By Matt Schiavenza
In the past week, the world has turned its attention to Sudan, Africa’s third-largest country, where fighting between rival governing factions has reportedly killed hundreds and injured thousands. The conflict, though largely centered in the capital Khartoum, has spread throughout the country, causing many Sudanese to flee. On Thursday, the UNHCR estimated that 10–20,000 people fleeing the conflict have crossed Sudan’s western border into Chad, a country that is already home to some 400,000 Sudanese refugees.
A nation of 17 million in the center of Africa, Chad has long been beset by numerous problems. It is one of the world’s poorest countries: Only four percent of the population has access to electricity, and basic services such as clean drinking water, sanitation, and paved roads are scarce. Last year, the most severe flooding in decades left large sections of the capital, N’Djamena, underwater and displaced hundreds of thousands of people. This disaster has only exacerbated an acute hunger crisis in the country. As many as 2 million people in Chad — more than 10 percent of the population — are food insecure.
Since 2004, Chad has served as a place of refuge for those seeking asylum from countries across the region, including Cameroon, the Central African Republic, Nigeria, and Cameroon. But Chad’s most acute refugee influx occurred as the result of fighting in Darfur, a region in western Sudan where a violent conflict in the mid-2000s attracted widespread news coverage as well as a significant response from Jewish communities worldwide. The world eventually turned its attention elsewhere, but for those affected the situation did not change — most have remained in eastern Chad ever since.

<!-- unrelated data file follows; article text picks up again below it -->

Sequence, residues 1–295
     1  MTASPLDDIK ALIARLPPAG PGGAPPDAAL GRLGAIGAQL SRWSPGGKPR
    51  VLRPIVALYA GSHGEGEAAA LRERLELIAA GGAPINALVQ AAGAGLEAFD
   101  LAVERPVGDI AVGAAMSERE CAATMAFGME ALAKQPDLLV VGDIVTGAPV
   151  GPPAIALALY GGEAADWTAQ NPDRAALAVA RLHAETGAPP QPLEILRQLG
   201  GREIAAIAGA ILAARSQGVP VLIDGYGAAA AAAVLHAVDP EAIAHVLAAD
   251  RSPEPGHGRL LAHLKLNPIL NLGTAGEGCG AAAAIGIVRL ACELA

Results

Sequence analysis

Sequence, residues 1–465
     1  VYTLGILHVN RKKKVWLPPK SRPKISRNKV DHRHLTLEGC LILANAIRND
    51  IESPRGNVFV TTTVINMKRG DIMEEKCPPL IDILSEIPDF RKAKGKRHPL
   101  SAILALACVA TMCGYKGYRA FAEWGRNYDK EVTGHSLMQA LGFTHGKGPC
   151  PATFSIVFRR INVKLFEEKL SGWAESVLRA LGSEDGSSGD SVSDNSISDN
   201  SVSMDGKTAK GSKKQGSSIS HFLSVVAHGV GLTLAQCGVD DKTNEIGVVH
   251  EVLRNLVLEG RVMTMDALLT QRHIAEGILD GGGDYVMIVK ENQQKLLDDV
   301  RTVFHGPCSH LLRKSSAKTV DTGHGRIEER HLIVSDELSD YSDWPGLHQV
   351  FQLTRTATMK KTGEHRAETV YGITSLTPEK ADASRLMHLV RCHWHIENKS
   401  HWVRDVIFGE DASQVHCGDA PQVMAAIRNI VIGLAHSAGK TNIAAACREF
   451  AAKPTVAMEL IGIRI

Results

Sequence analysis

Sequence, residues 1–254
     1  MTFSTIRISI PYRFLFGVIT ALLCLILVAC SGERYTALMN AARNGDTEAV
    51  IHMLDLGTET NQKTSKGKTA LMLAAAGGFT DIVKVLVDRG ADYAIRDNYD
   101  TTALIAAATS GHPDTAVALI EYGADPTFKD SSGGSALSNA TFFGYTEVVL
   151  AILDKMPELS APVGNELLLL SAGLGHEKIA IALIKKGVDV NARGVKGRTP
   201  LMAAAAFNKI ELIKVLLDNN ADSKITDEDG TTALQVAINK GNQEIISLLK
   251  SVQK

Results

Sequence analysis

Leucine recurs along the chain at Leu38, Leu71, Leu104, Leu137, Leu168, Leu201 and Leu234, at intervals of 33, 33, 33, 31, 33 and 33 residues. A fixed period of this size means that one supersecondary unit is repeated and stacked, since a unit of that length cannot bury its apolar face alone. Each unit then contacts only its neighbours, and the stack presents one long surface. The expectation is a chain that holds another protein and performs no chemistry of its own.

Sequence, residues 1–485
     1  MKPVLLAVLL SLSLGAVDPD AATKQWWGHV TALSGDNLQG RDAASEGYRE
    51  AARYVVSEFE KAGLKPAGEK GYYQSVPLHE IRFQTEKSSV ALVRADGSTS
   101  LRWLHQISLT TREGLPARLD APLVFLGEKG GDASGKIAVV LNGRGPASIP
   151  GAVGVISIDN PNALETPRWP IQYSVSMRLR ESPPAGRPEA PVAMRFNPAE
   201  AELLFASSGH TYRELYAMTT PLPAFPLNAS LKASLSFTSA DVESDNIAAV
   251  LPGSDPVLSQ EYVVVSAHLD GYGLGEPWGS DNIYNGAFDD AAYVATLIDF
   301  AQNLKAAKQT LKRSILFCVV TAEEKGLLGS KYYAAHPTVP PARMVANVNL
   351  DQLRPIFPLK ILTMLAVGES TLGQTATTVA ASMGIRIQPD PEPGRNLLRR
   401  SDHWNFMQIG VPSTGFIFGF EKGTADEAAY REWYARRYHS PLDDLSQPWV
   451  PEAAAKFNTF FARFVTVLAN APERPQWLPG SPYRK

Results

“Chad is truly forgotten,” said Patrick Culver, an emergency operations manager at HIAS who just returned from the country. “Nothing is even close to being enough.”
HIAS established a presence in Chad in 2005. Working in partnership with other humanitarian organizations, HIAS has provided crucial mental health and counseling services, established gender-based violence prevention and child protection programs, and is involved with peace education and distribution of food and non-food items. Such work supports a population of refugees for whom mere survival depends on the largesse of emergency aid — and a sustainable future for them remains a distant proposition.
A rapid influx of thousands of new Sudanese refugees threatens to upend this already tenuous status quo, placing the lives of large numbers of displaced people at risk. Remedying this situation requires more than just careful planning and the efforts of HIAS staff on the ground. It requires the type of sustained global attention — and financial support — that has so far eluded Chad.
“Chad’s limited absorption capacity is linked more with a shortage of funds rather than a lack of space to accommodate arrivals,” said Roch Soubadet, HIAS Chad’s country director. It’s a situation he attributed in part to donor fatigue. “If the worst happens with the current crisis, the situation could be very difficult to handle.”